What Is the Milky Film on Glasses from The Dishwasher

What Is the Milky Film on Glasses from The Dishwasher

It is disheartening that after washing some batches of glasses you hold a glass up that should normally be sparkling clean and clear, but they look foggy.

milky film on glasses from the dishwasher
Photo Credits: Kaboompics .com, pexels.com

You will notice a milky film on glasses from the dishwasher. Sometimes out of desperation you run another wash cycle.

The white milky film you notice on the washed glassware or dishware may be caused by different factors. You may ask, why is it happening?

Most of the time when people notice that their glasses have become cloudy after some time, they are embarrassed to use them.

They either hide them away at the back of the kitchen cupboard or cabinet or use them when no one is around to see them. 

This should not be as they are totally preventable. We must first understand what the milky film on glasses is and what is causing the milky film on glasses.

After which we can talk about how to remove this cloudiness and ways to prevent them from reoccurring. 

If you prefer learning by video, this article is also explained here.

Causes of Milky Film on Glasses

Video: White Film on Glassware and Dishware

Watch this video to know everything about milky film formation on glasses.

There are two main causes of the milky film on glasses from the dishwasher. They are:

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Hard Water Deposits

This is the commonest cause of foggy glasses. Hardwater can affect your glassware in two ways. 

Firstly, the mineral deposits in water reduce the effect of dishwashing detergents and so you may need more detergents to get your glasses clean.

Hardwater does not completely rinse glasses well as soft water does.  This causes the milky film from dirty water or soap left on glasses. The addition of more detergents to hard water only makes this get worse.

Secondly, if you live in an area supplied with hard water, you will experience a high deposition of mineral contents. These deposits, for example, limescale can hold on to your glasses causing the fogginess appearance.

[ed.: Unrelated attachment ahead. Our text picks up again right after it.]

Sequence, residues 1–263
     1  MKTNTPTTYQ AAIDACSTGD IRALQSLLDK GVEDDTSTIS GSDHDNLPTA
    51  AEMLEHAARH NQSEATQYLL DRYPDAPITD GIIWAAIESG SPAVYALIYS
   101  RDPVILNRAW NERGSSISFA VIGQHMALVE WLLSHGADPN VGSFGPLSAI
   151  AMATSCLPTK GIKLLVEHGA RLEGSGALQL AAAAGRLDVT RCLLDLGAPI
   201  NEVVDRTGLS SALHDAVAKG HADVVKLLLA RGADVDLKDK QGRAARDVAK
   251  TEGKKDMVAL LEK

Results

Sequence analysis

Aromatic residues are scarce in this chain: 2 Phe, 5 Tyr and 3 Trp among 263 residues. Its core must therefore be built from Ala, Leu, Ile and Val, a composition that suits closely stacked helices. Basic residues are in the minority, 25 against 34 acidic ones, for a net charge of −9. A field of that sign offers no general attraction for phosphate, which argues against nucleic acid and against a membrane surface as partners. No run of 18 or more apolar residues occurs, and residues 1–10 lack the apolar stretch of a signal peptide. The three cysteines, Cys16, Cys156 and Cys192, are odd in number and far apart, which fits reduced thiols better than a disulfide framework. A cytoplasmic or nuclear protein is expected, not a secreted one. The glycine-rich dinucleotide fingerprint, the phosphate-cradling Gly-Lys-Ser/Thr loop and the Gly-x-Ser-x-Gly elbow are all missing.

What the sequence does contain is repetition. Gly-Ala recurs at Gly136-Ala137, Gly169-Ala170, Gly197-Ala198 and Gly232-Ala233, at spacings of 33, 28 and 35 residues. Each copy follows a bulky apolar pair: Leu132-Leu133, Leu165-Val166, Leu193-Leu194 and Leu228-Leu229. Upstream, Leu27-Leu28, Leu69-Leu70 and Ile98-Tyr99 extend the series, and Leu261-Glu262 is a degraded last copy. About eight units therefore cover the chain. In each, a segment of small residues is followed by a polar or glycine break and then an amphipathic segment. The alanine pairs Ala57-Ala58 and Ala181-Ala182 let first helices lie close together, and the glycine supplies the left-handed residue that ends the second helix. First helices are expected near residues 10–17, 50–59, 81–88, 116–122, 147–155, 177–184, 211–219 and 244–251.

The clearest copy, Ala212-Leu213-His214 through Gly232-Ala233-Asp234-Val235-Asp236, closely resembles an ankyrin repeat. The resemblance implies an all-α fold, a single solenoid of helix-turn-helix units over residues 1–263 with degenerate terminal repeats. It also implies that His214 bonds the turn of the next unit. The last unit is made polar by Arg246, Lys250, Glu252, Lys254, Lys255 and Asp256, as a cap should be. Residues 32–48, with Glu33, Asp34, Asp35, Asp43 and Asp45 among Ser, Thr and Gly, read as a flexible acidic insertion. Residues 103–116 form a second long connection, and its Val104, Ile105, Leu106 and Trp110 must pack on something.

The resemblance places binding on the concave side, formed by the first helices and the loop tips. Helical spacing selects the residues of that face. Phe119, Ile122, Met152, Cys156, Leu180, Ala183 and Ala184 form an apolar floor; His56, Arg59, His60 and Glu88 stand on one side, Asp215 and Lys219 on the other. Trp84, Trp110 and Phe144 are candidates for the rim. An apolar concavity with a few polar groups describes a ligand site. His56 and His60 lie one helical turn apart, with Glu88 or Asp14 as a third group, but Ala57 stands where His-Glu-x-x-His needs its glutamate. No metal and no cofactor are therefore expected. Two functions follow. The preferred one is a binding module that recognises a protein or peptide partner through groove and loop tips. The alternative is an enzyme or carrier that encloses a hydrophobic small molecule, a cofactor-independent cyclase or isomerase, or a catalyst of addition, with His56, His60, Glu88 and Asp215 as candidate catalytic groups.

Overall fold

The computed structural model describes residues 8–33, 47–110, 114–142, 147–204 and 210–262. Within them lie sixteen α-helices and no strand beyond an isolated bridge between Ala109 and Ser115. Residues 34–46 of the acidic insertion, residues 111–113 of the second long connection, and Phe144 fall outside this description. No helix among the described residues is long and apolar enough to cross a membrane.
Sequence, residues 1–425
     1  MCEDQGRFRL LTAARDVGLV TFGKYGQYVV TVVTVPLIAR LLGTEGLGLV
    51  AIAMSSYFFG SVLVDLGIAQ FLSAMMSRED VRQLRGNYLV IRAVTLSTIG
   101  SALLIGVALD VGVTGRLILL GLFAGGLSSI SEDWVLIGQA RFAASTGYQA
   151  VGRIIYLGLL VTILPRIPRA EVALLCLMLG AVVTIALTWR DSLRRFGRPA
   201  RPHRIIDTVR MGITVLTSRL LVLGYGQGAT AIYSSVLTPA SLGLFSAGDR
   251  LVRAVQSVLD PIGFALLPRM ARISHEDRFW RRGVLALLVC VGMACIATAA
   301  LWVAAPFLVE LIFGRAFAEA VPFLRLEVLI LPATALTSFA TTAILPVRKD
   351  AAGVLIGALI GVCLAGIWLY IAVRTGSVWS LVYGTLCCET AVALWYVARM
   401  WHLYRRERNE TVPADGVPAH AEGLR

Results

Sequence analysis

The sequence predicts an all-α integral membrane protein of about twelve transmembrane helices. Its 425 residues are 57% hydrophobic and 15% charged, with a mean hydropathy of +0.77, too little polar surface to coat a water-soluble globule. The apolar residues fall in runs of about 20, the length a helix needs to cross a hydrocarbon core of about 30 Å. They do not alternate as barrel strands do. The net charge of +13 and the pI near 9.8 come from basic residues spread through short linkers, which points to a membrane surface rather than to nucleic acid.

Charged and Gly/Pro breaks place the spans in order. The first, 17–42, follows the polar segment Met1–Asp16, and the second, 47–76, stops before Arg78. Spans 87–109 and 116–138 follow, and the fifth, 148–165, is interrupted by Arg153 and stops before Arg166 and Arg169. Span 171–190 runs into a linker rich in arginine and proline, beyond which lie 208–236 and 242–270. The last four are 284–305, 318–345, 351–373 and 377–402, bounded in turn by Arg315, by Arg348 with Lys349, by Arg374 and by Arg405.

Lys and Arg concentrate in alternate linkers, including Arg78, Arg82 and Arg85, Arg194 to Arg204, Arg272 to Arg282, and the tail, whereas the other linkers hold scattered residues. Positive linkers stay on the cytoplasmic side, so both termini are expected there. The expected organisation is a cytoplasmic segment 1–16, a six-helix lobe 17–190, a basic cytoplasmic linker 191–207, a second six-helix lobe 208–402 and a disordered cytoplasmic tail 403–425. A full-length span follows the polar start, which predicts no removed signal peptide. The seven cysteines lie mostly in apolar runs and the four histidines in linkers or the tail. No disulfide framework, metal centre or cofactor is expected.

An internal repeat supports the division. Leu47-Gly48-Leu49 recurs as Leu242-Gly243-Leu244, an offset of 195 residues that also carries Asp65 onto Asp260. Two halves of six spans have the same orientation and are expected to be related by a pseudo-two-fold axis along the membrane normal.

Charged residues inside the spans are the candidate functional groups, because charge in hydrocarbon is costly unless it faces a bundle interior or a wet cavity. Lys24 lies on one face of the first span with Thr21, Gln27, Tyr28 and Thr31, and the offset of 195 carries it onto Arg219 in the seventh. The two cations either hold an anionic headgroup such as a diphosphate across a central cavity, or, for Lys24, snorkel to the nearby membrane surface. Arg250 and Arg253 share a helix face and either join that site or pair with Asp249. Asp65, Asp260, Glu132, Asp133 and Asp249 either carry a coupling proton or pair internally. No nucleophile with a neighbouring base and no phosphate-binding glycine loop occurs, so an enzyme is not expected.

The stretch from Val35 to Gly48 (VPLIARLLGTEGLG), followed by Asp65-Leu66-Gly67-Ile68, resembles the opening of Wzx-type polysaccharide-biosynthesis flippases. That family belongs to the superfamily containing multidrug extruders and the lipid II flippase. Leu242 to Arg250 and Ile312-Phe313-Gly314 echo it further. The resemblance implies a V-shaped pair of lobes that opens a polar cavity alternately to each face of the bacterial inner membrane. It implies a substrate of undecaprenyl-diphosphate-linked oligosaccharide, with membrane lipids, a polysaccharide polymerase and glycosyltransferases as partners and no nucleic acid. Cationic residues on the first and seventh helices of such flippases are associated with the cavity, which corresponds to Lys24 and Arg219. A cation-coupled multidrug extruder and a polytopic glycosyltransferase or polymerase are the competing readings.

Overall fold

You can test if hard water is the cause of this milky film by filling an unclear glass with vinegar. Leave it for 5minutes, if the fogginess is removed then yes hard water is the problem.

The good news is that mineral deposits on your glasses can be removed and prevented as well. Even though the hardness of water is determined by location, it is something that can be fixed.

How to Remove Milky Film Caused by Hard Water

Method One: Add More Quantity of Detergent to Your Dishwasher

This might be effective in removing mineral deposits or hard water from the foggy glasses. But using it in excess can leave soapy films on your glasses. Try different quantities of detergents so you can find the perfect balance.

Method Two: Utilise the Rinse Aid

This comes in both liquid and solid forms. Rinse aids help to reduce etching and spotting on glasses by breaking down the chemical bond between glasses and water. They are added mostly with every dishwashing load.

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Method Three: Water Temperature

This is a major factor in the dishwashing process. Check the water temperature in your kitchen by running water into a glass in your sink. Put a thermometer in the glass so that you can determine the temperature of the water.

Most dishwashing detergent companies recommend using water at 130oF. To regulate your water to this temperature, use your dishwasher high temperature setting to heat water to about 140oF and nothing more. 

If the water heater in your home is far away from your kitchen and hot water does not flow on time, run your kitchen tap for one minute or until you notice water temperature has increased. Thereafter switch on your dishwasher.

Method Four: Use Vinegar

You can manually get rid of the cloudiness by soaking all your glasses in white vinegar for 5 minutes. The acetic nature of vinegar will dissolve the mineral deposits. If the spots persist then gently clean them by rubbing the glasses with baking soda.

Rinse the glasses by hand and dry them with a lint-free microfiber cloth or towel. You can use the glasses after this.